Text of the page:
Tuesday, April 2, 2013

Week 9: Testing - If At First You Don't Succeed, Try Try Again!

Testing Ideas:

I can tell myself that no matter how good I think I did a project, or a speech, or a paper, it really comes down to when someone else looks over it. Some of the best advice and tips I've received have been when others proofread my papers or critique my projects and how I can improve. I think involving students to test mine and Steve's final project is the best way to improve our app. 

Since we're all extremely busy with our schedules, I think a good way to get feedback is through surveys. They are easy to put together and don't require too much time to complete. Steve and I could put together a survey to send out to students (or whoever) on what they think of our app! Questions could include:


  • What navigation styles do you like best? (One page with a navigation scroll bar or separate pages)
  • What (if any) social networks would you like to see included on the app?
  • How much do you think this app should cost?
  • How likely are you to use this app?
  • What other suggestions or additions would you make to this app?

I think the survey would be a good way to start receiving feedback and testing our final product, and then for my second testing idea, we should conduct an in-person experiment for the app. We could take the information from the survey and then conduct an in-person experiment with some of the same people who took the survey, or completely new participants. Either way I think it's a great way to get feedback. I believe the best meeting place would be somewhere at HPU, possibly in one of the group study rooms in the library. Another option I thought of is getting my peers from this class to review our app, and vice versa. It's always nice to get a second programmer or designer's opinion.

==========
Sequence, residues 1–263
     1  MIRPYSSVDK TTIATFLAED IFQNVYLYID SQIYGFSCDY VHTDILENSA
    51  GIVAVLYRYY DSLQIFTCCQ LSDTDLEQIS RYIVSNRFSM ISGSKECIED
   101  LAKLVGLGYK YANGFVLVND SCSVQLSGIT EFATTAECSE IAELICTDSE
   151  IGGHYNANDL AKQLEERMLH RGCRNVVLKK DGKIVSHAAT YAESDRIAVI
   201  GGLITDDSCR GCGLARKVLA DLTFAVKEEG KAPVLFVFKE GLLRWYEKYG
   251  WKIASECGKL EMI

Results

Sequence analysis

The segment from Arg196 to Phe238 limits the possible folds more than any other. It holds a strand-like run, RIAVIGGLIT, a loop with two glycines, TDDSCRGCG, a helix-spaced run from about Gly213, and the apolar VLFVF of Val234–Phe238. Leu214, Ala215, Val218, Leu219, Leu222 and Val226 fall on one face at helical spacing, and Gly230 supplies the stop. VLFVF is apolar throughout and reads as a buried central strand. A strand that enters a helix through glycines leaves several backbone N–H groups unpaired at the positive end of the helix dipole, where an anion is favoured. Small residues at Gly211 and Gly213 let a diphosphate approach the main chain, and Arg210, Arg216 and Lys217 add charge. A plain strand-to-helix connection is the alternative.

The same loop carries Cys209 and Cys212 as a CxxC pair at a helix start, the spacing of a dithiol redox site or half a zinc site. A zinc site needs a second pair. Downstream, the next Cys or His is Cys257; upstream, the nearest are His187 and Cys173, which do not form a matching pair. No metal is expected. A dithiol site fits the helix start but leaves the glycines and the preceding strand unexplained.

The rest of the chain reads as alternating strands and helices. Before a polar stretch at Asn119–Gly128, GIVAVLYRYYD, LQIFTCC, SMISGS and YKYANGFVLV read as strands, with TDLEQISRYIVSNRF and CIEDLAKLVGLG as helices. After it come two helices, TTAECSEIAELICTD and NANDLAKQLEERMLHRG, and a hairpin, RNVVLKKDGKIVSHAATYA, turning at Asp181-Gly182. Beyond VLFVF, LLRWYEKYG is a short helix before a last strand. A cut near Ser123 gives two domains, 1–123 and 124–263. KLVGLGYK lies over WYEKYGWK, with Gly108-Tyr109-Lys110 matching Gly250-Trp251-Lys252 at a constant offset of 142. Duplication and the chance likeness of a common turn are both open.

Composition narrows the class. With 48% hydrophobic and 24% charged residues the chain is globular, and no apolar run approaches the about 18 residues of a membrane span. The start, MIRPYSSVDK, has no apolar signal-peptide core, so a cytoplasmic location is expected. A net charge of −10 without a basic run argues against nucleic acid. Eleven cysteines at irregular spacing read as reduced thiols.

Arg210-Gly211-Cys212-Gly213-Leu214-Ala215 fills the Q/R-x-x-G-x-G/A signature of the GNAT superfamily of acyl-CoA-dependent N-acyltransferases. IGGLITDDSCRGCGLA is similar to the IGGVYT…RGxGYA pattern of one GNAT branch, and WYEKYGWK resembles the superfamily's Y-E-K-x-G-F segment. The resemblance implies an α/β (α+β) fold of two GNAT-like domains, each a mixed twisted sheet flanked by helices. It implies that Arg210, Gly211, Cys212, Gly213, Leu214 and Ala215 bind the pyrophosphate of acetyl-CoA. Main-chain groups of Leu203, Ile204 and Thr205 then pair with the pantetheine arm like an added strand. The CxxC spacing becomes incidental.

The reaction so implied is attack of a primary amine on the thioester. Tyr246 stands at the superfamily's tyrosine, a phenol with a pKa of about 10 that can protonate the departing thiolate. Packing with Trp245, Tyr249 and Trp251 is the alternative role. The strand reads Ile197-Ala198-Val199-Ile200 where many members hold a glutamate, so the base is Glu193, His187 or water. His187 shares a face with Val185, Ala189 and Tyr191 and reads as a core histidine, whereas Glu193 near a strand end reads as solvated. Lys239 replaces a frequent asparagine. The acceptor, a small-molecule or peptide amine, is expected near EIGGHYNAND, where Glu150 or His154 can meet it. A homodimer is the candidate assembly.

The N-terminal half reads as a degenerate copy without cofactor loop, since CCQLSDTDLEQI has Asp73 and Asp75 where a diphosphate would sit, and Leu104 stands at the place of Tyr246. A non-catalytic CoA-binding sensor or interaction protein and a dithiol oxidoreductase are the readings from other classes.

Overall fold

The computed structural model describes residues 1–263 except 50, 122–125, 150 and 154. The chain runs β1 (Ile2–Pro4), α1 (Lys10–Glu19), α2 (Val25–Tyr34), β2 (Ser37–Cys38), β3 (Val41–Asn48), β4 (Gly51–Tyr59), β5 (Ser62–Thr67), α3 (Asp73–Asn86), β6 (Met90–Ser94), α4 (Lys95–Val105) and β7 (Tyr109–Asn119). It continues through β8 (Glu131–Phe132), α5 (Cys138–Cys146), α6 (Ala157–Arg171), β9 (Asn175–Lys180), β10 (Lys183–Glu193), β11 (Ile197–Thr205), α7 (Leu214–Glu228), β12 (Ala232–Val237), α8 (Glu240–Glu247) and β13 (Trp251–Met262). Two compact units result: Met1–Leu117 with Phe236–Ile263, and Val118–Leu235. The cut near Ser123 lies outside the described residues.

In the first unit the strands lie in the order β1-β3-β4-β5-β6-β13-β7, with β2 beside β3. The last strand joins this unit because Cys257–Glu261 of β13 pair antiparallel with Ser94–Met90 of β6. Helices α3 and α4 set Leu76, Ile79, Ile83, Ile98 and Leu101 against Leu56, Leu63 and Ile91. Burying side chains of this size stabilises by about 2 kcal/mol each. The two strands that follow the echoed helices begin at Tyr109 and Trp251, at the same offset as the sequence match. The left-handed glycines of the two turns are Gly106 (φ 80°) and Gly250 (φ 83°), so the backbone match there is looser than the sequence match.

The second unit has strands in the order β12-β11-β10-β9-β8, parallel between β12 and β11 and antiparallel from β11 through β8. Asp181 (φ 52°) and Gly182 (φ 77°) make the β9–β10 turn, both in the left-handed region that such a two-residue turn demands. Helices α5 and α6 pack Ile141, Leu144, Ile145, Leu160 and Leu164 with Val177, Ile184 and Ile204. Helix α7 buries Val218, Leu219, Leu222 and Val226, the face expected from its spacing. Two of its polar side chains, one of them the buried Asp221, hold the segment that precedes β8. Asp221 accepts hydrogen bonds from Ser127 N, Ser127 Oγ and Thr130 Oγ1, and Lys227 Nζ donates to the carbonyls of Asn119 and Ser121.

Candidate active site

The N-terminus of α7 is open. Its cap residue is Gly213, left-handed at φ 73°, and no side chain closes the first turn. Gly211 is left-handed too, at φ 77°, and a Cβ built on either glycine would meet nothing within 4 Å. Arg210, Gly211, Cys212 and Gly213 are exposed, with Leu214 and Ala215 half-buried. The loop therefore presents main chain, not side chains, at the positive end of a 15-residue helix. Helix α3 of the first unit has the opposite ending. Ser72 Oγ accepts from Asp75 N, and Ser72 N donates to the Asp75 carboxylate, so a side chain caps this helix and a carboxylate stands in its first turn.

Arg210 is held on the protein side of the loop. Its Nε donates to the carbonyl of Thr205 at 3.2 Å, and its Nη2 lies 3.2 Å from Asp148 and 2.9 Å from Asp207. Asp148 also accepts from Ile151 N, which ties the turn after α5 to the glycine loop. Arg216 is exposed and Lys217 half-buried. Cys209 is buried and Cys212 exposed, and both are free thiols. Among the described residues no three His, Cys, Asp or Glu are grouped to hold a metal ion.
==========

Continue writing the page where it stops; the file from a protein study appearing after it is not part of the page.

2 comments:

  1. A survey is great, but a critical part of this is that you need to be providing alternatives. Asking people to rate one app on a scale of 1-5 is likely to get you very little actionable information.

    What you really want, and were asked to provide in this plan, is a description of the interface alternatives that you will present to people for testing, e.g. you might have one map based interface, and one list based. Or an integrated map and list? Or compare having a pipeline through the restaurant decision process, versus having a single screen with lots of checkboxes.

    Again, the critical part of the testing plan is not so much how you are going to test, but "what" you are going to test. And the answer is not "your app", but should be some sort of hypothesis about what interface design is better for your app. And you can only get useful results if you present people more than one alternative.

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  2. Hi Professor-

    Great to know! Now that I think about it, I think a survey where the participants can only rate 1-5 could be quite limiting the information that we need. I'll have to talk to Steve about ways we can present interface alternatives to different people for testing purposes!

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